The chronic procrastinators I know have spent years of their life looped in this cycle. Delaying, putting off things, slacking, hiding from work, facing work only when it’s unavoidable, then repeating this loop all over again. It’s a bad habit that eats us away and prevents us from achieving greater results in life.

Don’t let procrastination take over your life. Here, I will share my personal steps on how to stop procrastinating. These 11 steps will definitely apply to you too:

1. Break Your Work into Little Steps

Part of the reason why we procrastinate is because subconsciously, we find the work too overwhelming for us. Break it down into little parts, then focus on one part at the time. If you still procrastinate on the task after breaking it down, then break it down even further. Soon, your task will be so simple that you will be thinking “gee, this is so simple that I might as well just do it now!”.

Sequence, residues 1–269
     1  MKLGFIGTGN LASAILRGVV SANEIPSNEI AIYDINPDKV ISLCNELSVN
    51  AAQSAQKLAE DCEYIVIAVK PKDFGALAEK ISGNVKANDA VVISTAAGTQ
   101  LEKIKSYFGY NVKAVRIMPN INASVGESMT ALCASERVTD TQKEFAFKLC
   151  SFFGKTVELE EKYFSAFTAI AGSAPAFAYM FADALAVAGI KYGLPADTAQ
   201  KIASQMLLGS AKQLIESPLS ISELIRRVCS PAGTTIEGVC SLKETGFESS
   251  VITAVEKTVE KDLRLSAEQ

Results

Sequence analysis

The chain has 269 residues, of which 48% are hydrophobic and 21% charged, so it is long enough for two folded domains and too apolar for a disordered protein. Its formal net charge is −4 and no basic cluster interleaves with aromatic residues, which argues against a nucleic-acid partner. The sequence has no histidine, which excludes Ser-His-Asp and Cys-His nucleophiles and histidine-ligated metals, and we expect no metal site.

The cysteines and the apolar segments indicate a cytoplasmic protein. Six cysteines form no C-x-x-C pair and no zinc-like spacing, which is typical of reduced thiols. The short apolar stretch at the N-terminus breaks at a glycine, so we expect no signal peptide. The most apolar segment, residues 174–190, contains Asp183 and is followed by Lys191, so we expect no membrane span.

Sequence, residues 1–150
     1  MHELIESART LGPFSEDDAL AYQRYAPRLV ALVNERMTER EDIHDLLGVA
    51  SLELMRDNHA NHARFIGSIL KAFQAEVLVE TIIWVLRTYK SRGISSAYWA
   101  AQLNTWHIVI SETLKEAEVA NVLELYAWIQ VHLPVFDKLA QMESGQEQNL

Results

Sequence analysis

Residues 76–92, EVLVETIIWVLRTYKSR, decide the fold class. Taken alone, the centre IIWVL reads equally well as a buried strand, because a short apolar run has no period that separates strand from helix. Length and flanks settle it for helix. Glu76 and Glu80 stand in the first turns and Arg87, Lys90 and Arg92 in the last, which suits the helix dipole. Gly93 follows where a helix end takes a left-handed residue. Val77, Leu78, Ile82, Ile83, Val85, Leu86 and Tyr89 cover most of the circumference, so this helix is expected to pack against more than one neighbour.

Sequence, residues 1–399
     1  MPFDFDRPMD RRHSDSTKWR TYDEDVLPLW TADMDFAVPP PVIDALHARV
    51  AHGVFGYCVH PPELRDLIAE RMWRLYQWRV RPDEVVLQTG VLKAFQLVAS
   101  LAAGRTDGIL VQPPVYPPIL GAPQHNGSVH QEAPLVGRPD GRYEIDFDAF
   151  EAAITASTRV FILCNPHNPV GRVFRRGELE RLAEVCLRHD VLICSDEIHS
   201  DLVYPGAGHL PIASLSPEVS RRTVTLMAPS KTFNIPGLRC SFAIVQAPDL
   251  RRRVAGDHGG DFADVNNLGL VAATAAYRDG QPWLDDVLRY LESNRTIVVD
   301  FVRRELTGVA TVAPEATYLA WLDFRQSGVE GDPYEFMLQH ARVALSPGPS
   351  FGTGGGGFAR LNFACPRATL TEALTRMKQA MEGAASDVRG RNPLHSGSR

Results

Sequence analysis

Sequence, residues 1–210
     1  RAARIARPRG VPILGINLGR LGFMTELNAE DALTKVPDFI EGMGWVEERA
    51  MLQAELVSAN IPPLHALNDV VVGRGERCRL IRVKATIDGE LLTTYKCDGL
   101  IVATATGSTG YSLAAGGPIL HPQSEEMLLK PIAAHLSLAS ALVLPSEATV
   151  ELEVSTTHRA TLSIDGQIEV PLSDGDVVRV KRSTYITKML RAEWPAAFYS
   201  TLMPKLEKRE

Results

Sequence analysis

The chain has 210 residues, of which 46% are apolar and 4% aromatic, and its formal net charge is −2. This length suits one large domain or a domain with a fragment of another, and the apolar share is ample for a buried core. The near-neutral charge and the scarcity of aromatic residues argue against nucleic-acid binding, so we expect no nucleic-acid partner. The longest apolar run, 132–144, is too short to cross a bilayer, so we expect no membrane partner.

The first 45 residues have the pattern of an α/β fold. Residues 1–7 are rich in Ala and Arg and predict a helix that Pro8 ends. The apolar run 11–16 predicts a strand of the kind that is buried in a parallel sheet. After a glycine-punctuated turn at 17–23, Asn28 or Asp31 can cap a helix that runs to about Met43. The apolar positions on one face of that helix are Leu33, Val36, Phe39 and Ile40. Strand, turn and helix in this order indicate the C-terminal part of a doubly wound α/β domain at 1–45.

For example, I’m currently writing a new book (on How to achieve anything in life). Book writing at its full scale is an enormous project and can be overwhelming. However, when I break it down into phases such as –

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  • (1) Research
  • (2) Deciding the topic
  • (3) Creating the outline
  • (4) Drafting the content
  • (5) Writing Chapters #1 to #10,
  • (6) Revision
  • (7) etc.

Suddenly it seems very manageable. What I do then is to focus on the immediate phase and get it done to my best ability, without thinking about the other phases. When it’s done, I move on to the next.

2. Change Your Environment

Different environments have different impact on our productivity. Look at your work desk and your room. Do they make you want to work or do they make you want to snuggle and sleep? If it’s the latter, you should look into changing your workspace.